Adams was neither a passenger with a "known" physical or mental disability nor a severely intoxicated passenger that SEPTA ejected from a SEPTA vehicle to which SEPTA owed a "heightened" duty of care. Instead, Adams was a bystander passenger injured when an intoxicated passenger lost her balance and grabbed Adams when the bus operated normally.
Adams next argues that SEPTA has a duty to protect its passengers from the violent, criminal and negligent acts of fellow passengers. Adams's Brief at 5-6. In support, Adams relies on a series of cases in which Pennsylvania's courts have indicated that common carriers, vehicle operators, have a duty to repress disorderly conduct to protect passengers from the harm that fellow passengers imposed. Adams's Brief at 12-14. SEPTA counters that Adams cannot maintain this cause of action against it because SEPTA, as a government agency, is entitled to sovereign immunity. SEPTA asserts that the negligent acts of a third party do not fall into an exception from immunity.
La Sota v. Phila. Trans. Co., 219 A.2d 296 (Pa. 1966); Muhlhause v. Monongahela St. Ry. Co., 50 A.2d 937 (Pa. 1902); Pittsburg[h] and Connellsville R.R. Co. v. Pillow, 76 Pa. 510 (1874); Mangini v. Se. Pa. Transp. Auth., 344 A.2d 621 (1975); Gerlach v. Pittsburgh Railways Co., 94 Pa. Super. 121 (Pa. Super. 1928); & Kennedy v. Pa. R.R. Co., 32 Pa. Super. 623 (1906).
We agree that SEPTA is a Commonwealth party entitled to raise the defense of sovereign immunity to bar claims for damages brought against it in cases where immunity is not expressly waived by the General Assembly. 42 Pa. C.S. § § 8521 & 8522; Knox v. SEPTA, 81 A.3d 1016, 1022 (Pa. Cmwlth. 2013). Before the necessity to consider the defense of sovereign immunity arises, a plaintiff must initially assert against the Commonwealth party a claim involving a negligent act wherein damages would be recoverable under common law. 42 Pa. C.S. § 8522(a); Evans v. Se. Pa. Transp. Auth., 613 A.2d 137, 138 (Pa. Cmwlth. 1992) ("A plaintiff seeking to impose liability on a Commonwealth party, such as SEPTA, must establish that a common-law or statutory cause of action exists as a result of a negligent act of the Commonwealth party and that the Commonwealth party's negligent act falls within an exception to sovereign immunity.") Adams's complaint fails to assert a claim that SEPTA was liable for failing to protect against the acts of a third party. Further, Adams's complaint never asserts that the intoxicated individual acted negligently, violently or criminally. As such, Adams waived her argument regarding SEPTA's duty to protect passengers from violent, criminal and negligent actions of fellow passengers.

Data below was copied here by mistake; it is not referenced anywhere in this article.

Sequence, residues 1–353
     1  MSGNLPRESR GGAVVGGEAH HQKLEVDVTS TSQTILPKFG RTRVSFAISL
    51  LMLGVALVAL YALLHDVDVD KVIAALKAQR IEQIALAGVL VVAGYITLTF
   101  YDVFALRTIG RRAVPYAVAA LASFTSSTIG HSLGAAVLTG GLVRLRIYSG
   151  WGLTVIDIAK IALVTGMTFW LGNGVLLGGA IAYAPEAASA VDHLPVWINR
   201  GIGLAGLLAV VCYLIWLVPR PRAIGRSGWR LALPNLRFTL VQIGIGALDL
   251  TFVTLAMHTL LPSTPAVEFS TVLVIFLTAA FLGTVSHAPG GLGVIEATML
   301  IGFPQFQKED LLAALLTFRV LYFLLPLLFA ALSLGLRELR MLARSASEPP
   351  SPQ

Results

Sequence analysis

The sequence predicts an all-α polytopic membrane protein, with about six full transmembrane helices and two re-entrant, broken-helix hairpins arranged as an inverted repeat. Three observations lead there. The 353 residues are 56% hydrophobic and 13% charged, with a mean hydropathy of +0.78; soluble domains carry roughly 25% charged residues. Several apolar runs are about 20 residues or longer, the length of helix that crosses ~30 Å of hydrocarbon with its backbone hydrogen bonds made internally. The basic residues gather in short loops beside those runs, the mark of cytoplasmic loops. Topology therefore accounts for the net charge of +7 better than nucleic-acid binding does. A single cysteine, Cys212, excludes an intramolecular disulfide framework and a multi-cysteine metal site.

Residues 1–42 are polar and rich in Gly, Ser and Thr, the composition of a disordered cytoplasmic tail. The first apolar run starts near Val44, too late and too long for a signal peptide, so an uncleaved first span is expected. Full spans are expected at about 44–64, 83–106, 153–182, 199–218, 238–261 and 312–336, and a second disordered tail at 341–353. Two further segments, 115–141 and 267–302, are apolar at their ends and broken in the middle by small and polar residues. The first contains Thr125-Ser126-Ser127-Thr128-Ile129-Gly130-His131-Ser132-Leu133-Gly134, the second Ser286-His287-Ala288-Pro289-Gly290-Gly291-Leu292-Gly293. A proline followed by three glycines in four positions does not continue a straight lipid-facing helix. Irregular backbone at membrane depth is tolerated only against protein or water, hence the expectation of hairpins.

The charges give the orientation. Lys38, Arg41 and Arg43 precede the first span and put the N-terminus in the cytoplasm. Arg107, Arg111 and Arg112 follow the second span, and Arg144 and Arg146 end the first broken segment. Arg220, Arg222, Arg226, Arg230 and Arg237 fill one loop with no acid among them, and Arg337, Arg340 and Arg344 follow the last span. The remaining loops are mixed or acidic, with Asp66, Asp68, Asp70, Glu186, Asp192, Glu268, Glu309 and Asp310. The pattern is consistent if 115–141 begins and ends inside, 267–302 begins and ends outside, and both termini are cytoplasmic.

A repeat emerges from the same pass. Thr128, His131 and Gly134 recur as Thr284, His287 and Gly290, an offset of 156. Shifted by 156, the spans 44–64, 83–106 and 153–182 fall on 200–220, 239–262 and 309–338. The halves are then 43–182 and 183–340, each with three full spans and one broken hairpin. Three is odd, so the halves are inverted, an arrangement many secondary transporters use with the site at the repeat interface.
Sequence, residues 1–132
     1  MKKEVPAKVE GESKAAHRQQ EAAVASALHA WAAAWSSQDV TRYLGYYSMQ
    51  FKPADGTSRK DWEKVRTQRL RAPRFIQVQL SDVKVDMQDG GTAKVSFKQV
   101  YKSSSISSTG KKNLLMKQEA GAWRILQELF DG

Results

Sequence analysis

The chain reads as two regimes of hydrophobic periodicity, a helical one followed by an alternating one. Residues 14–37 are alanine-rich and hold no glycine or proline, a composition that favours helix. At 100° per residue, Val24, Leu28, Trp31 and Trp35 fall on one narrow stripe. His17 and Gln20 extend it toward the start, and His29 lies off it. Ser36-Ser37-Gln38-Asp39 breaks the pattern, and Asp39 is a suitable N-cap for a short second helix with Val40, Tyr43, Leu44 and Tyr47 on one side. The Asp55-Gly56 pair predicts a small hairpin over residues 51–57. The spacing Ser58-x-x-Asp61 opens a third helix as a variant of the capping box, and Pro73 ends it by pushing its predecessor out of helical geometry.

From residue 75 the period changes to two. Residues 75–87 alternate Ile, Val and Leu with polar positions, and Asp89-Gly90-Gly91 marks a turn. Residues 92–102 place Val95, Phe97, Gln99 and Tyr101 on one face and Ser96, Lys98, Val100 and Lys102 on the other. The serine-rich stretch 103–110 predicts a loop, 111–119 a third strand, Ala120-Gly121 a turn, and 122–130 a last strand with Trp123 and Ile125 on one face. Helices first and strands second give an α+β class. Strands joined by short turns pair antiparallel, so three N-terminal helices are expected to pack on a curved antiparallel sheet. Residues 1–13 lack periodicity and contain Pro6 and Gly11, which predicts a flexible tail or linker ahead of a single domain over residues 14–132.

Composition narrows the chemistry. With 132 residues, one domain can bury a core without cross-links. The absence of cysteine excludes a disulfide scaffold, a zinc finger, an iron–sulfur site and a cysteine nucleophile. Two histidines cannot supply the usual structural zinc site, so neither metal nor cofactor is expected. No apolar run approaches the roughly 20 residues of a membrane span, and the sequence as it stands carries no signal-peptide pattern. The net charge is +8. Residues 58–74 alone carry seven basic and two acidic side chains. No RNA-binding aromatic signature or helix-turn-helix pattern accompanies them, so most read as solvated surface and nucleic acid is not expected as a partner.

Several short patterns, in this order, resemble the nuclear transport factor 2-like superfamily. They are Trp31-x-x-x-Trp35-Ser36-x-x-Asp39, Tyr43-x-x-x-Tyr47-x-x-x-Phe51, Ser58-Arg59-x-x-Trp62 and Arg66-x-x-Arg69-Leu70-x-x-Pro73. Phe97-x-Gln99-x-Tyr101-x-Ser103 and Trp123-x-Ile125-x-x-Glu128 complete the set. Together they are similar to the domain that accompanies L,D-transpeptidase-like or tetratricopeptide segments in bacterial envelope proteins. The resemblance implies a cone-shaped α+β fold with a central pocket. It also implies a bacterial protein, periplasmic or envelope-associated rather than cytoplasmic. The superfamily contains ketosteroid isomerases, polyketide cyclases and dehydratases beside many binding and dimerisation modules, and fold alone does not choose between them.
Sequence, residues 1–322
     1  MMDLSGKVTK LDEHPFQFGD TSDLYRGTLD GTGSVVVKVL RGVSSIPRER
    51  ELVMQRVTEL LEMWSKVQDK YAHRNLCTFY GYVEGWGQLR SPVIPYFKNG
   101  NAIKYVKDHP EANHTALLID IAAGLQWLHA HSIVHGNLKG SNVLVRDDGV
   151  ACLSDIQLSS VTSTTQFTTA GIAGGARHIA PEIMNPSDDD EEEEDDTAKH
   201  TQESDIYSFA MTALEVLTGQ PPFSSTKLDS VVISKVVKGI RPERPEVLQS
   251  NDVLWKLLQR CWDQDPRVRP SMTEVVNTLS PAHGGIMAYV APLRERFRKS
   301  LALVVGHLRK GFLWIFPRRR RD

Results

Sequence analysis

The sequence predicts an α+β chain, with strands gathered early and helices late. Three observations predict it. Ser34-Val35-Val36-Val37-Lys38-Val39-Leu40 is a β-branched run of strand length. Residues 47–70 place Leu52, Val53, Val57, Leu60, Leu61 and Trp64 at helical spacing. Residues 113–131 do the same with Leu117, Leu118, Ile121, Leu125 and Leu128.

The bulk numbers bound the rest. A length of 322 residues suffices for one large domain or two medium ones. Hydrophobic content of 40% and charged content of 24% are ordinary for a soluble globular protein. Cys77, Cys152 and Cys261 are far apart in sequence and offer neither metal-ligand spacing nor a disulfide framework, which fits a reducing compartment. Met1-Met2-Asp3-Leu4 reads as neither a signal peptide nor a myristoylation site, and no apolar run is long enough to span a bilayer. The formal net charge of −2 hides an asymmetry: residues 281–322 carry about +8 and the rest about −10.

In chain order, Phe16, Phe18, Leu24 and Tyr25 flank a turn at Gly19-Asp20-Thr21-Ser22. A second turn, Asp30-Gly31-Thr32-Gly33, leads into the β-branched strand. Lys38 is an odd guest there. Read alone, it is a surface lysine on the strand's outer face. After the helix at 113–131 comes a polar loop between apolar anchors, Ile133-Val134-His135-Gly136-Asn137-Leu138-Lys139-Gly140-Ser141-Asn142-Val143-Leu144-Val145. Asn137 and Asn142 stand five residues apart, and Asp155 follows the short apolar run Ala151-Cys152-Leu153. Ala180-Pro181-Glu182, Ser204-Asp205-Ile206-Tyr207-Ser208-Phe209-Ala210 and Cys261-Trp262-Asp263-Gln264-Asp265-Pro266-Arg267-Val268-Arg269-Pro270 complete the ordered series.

Section 8522(a) of the Judicial Code provides that:
[t]he General Assembly . . . does hereby waive in the instances set forth in subsection (b) only . . . sovereign immunity as a bar to an action against Commonwealth parties, for damages arising out of a negligent act where the damages would be recoverable under the common law or statute creating a cause of action if the injury were caused by a person not having available the defense of sovereign immunity.
42 Pa. C.S. § 8522(a) (emphasis added).
Paragraph 5 of Adams's complaint provides:
The negligence and carelessness of [SEPTA], by its agents, servants, workmen and/or employees consisted of the following:
(a) operating said vehicle at an excessive speed under the circumstances;
(b) failing to have said vehicle under proper and adequate control at the time;
(c) failing to give proper and sufficient warning of the starting of said vehicle;
(d) failing to safely excellerate [sic] from a designated bus stops [sic];
(e) disregarding the safety and welfare of a visibly intoxicated passenger, and
(f) disregarding the safety and welfare of the passengers on the said bus;
(g) failing to protect the plaintiff from serious bodily injury, by suddenly accelerating while a visibly intoximated [sic] passenger was standing behind the plaintiff;
(h) violating the ordinances of the City and County of Philadelphia and the statutes of the Commonwealth of Pennsylvania pertaining to the operation of motor vehicles.
See Pa.R.C.P. No. 1019(a) (stating that the pleading shall contain the material facts on which a cause of action is based). --------
Based on the claims and evidence presented, Adams cannot establish a negligence claim against SEPTA to recover damages for her injuries. For this reason, the trial court properly granted the nonsuit.
Accordingly, we affirm.
CHRISTINE FIZZANO CANNON, Judge
AND NOW, this 6th day of December, 2018, the February 22, 2018 order of the Court of Common Pleas of Philadelphia County is AFFIRMED.
CHRISTINE FIZZANO CANNON, Judge